Rebranding any company, at any level, requires planning, collaboration and sensitivity. But when you’re a world-leading brand in your sector, it’s even more important to take a holistic view of the project to ensure you get it right. You don’t want to end up spending a bucket load of dollars and hours of precious time for the rebrand to be a flop in the market.
A Whopper of a Rebrand
So, back in 2020, when Fernando Machado, the CMO of Burger King, was leading the rebrand of the fast-food chain, he and the team needed to take extra care with such a valuable and globally recognized asset. Fernando had to think about not only the now, but also the next. The team wanted to leave a legacy that would last for the future custodians of the brand. As Fernando quite rightly acknowledged:
"You’re only the guardian of your brand for a while.”
The existing brand was trend-led, and although it worked in the 90s when it was developed, it had elements that were now working against the modern-day messaging, that is, real food tastes better. For example, the original logo had a shine, which made the bun look plastic. Not a great look for a brand advocating the use of no artificial sources in its food!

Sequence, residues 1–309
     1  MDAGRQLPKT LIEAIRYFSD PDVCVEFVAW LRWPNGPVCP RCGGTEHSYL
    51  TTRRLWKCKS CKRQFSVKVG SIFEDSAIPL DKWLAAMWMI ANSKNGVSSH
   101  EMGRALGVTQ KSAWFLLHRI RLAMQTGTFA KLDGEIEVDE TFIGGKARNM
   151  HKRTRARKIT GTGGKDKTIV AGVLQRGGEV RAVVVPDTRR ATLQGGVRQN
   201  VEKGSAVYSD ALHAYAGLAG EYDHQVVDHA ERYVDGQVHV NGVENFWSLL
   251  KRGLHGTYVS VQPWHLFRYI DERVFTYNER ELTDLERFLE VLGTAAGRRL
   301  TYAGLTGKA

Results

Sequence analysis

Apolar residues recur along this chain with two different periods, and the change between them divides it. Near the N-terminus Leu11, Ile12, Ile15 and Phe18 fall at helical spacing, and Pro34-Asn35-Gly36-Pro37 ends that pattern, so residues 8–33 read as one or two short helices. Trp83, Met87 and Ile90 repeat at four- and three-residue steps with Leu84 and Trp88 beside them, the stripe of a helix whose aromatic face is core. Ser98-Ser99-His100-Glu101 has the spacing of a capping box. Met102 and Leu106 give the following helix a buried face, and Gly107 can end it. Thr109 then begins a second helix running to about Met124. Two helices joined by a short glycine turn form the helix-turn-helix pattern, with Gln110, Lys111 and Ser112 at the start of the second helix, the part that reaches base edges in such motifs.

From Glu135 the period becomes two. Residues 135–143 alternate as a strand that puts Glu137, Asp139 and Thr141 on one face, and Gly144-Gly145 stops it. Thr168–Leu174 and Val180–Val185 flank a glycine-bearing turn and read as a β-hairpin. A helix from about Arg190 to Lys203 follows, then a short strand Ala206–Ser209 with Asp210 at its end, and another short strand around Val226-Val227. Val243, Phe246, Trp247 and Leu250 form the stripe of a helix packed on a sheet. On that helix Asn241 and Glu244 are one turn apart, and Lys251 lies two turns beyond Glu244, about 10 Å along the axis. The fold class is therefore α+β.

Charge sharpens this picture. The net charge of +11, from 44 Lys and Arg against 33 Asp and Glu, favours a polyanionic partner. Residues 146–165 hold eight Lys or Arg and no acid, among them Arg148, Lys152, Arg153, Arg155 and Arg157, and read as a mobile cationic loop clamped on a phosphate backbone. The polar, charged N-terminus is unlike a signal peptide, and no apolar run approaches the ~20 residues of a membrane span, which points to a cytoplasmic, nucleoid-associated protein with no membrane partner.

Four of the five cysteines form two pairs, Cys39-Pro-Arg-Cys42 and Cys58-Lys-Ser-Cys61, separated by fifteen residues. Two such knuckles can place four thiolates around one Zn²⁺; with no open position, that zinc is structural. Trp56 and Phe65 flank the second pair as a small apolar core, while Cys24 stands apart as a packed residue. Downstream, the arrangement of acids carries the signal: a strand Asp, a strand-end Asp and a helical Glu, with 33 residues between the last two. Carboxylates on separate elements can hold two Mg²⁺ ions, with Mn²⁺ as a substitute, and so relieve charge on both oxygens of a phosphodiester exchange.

No need to fire up the DeLorean for this one. A look through the archives will do just fine.
The first step is truly understanding your brand heritage. The BK team went back through the history of their visual identity and discovered that the classic and instantly recognizable burger logo, which was used for 30 years between 1969 and 1999, was BK at its best — timeless. In fact, it could be picked up and used there and then, without question. This classic concept would become the inspiration for the team’s work.
The original logo was tweaked slightly to give it a more modern flavor, and to allow a suite of digital and physical assets to be created around it. This included the favicon — an asset that received much love in the design world.
“The brand work is all new, but it seems familiar. It feels like the way Burger King should be.”